Brussels (B), 27 June 2012
One hundred participants, including members from the Assembly of European Regions (AER), MEPs, and representatives from the European Commission and the United Nations as well as young people themselves met yesterday at the premises of the European Parliament in Brussels to learn “Why are Regions the best candidates to tackle youth unemployment?”
The conference marks the end of AER’s yearlong “Promoting Youth Employment” (PYE) project, run in partnership with four of its member regions: Vojvodina (SRB), the Azores (P), Krapina-Zagorje (HR) and Hampshire (UK). The series of 4 Peer Reviews organised over the last 12 months comprised 200 interviews with local, regional and national stakeholders in view of helping PYE partner regions to produce their Youth Employment Action Plans setting out policy recommendations to improve young people’s prospects in the job market.
In her opening speech, Danuta Hübner, Member of the European Parliament and Chair of the Regional Development Committee, encouraged young people to be proactive both in looking for jobs in upcoming sectors and in jump-starting their own activity, and not to fear being entrepreneurs.
The European Commission’s Director for “Europe 2020: Employment policies”, Jean Louis De Brouwer: “In September the European Commission will start an informal dialogue with the EU Member States to discuss the upcoming 2014-2020 programming period. Regional authorities are encouraged to take part in those discussions, which will include proposals on youth employment.”
To stress the importance of acknowledging and disseminating the project’s conclusions, Pascal Goergen, AER Secretary General, launched an appeal to politicians from AER member regions to draft a Report on youth unemployment in Southern Europe, an area harshly affected by this problem.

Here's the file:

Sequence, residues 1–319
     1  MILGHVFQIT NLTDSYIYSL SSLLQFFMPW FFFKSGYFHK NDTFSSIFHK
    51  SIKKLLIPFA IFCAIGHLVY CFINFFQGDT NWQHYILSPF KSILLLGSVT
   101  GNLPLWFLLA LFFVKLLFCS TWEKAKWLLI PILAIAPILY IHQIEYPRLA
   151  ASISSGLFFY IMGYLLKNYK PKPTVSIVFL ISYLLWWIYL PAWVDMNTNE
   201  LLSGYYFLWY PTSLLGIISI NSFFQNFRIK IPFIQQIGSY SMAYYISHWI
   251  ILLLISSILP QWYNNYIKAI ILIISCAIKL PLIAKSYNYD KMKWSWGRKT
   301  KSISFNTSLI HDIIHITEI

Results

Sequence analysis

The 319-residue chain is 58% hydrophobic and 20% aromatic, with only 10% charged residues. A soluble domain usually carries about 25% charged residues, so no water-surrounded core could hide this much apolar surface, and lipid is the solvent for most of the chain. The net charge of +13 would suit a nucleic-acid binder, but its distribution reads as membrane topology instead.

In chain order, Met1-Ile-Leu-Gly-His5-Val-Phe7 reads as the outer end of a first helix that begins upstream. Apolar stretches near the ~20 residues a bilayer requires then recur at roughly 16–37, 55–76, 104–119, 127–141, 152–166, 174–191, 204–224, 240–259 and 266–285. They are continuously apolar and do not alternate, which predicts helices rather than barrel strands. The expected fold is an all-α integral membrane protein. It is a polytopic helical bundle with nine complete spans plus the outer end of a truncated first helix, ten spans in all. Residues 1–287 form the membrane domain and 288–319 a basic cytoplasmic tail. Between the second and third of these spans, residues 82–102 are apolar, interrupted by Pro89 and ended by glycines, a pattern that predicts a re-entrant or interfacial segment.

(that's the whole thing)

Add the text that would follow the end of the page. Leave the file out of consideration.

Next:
Some of the policy recommendations include (excerpts from “A Summary of project conclusions and policy recommendations for European Regions”):
o Better inclusion: One major lesson from the reviews is that policies promoting not only economic growth, but also broad social and economic inclusion, are required. There is a need for a joint approach amongst various regional departments and ministries, including those dealing with labour, education, industry, social welfare, and specifically youth affairs.
o Higher decentralisation: The regions demonstrate a high capacity for teaching and training. However, a lack of regional presence in these policy fields may significantly slow down adaptability to rapidly changing job market needs.
o Essential information: Regional job market information systems must be strong enough to provide policymakers and practitioners with adequate information in order to reduce mismatches between young people’s aspirations, skills and work experience and employers’ needs.
o Nothing for us without our input: It is important to formulate regional policies and strategies that are focused specifically on youth issues and involve young people themselves in dialogue, especially in times when high and prolonged youth unemployment rates lead to social alienation and a culture of low aspirations and feelings of hopelessness.
The Assembly of European Regions (AER – aer.eu) is the largest independent network of regions in wider Europe. Bringing together more than 250 regions from 35 countries and 16 interregional organisations, AER is the political voice of its members and a forum for interregional co-operation.
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